The Rev. Scott Lee of Kenosha’s The Encounter Church has visited witchcraft caves in Guatemala and been threatened by witches.
Now he and other international religious leaders, including former NHL hockey player, addict and atheist-turned-evangelist Todd White, are sharing some of the life-changing experiences they’ve seen across the world via a new documentary. The film, “This is Living,” will premiere at 7 p.m. Tuesday and Wednesday at The Encounter Church (formerly Lakeshore Tabernacle), 8900 34th Ave. Attendees also will receive tickets to attend a luncheon after the church service at noon Sunday.
“Everybody is searching,” said 41-year-old Lee. “Everybody is looking for a sign, a wonder, someone to believe in. We live in a world that doesn’t produce that. This movie shows real-life miracles, signs and wonders.”
Produced and filmed on location in Guatemala, Jerusalem and the Bahamas by independent Florida filmmaker Chris Worthington, the one-hour, 15-minute film features interviews with international Christian leaders, including Daniel Kolenda of Christ for All Nations; Michael Koulianos, founder of the Jesus Conference; Eric Gilmour, evangelist with Sonship International; Michael Dow of Burning One Ministries; Nathan Norris and Leslie Hale.
It also follows White praying with workers on a cruise ship in Nassau and films Lee in outreach meetings in Guatemala, where he visits a witch cave and prays with a man who regains hearing in his deaf ear.
“You could see he was using his right ear to hear,” said 20-year-old Worthington, who interviewed the man for the movie. “Scott prayed for him and his (the man’s) hearing slowly came back. He would not stop crying. I was in shock.”
Both Worthington and Lee say that such incidents are but a sample of the miracles shown in the film and those that preceded the movie’s making in the first place. (View the movie trailer at everynationwillbow.com.)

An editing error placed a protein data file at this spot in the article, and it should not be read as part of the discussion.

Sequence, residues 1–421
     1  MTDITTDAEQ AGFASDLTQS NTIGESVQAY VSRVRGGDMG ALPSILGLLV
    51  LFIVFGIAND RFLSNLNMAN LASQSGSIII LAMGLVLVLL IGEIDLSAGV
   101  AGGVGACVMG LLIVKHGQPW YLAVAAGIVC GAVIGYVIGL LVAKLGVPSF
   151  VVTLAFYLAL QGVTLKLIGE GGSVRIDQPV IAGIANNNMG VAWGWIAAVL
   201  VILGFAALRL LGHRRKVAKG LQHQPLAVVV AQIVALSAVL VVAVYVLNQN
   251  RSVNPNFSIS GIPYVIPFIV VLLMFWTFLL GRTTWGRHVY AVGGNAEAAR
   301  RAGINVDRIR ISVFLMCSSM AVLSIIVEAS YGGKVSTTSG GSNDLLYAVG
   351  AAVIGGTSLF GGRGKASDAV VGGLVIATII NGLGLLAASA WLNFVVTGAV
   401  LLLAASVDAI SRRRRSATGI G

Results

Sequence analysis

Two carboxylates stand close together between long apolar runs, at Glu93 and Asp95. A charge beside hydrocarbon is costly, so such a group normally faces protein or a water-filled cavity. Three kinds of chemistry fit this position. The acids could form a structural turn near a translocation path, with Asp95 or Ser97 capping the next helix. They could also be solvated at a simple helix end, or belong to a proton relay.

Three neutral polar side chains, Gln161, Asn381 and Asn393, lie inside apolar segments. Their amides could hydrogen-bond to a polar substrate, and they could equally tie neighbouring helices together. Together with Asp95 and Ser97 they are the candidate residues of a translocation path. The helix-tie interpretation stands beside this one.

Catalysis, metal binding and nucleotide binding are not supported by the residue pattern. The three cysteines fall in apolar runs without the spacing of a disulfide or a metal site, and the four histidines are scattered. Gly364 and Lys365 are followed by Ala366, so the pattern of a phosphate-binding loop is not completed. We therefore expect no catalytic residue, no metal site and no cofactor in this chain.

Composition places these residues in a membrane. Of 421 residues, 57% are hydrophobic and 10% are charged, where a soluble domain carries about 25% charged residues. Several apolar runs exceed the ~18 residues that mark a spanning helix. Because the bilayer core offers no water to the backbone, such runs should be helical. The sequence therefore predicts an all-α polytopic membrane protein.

Lee, now the father of five and an international speaker and evangelist, was almost sentenced to 13 years in prison for possession of cocaine before his religious conversion in his jail cell in Lake County, Ill., in 1997.
“I was in and out of jail,” said Lee. “I told God I was tired of the misery and if he was real, to change my life. The judge said he didn’t know why he was doing this, but he gave me three months probation. I never looked back.”
Worthington suffered from depression and anxiety before his uncle tricked him into attending a Hillsong United concert, where his life changed. “I didn’t believe Jesus was real at all,” he said. “I left the concert that day with no anxiety, no fear and no longer depressed.”
Long interested in filmmaking, then 19-year-old Worthington had the idea to make a documentary focused on knowing Jesus and emailed the various religious leaders. Because of his age, he said, “I went into this not thinking I’d get any interviews. I thought no one would take me seriously.”
He began filming in 2015. The film will also be available for viewing on Amazon Prime. Worthington, who graduates this summer from St. Petersburg College with a Bachelor of Arts degree in entrepreneurship, is now working on further distribution to churches across the country. The film also is being reviewed for distribution by the Pure Flix Christian film and TV studio.
Lee and his family planted churches in Mexico for eight years. He’s served in Guatemala for 11 years, working with churches and schools there and helping to stop human trafficking via his nonprofit organization, Encountering Life International.
His hope is that the new film helps reach even more people here in the community: “I hope people have an encounter with the savior of the world, Jesus Christ.”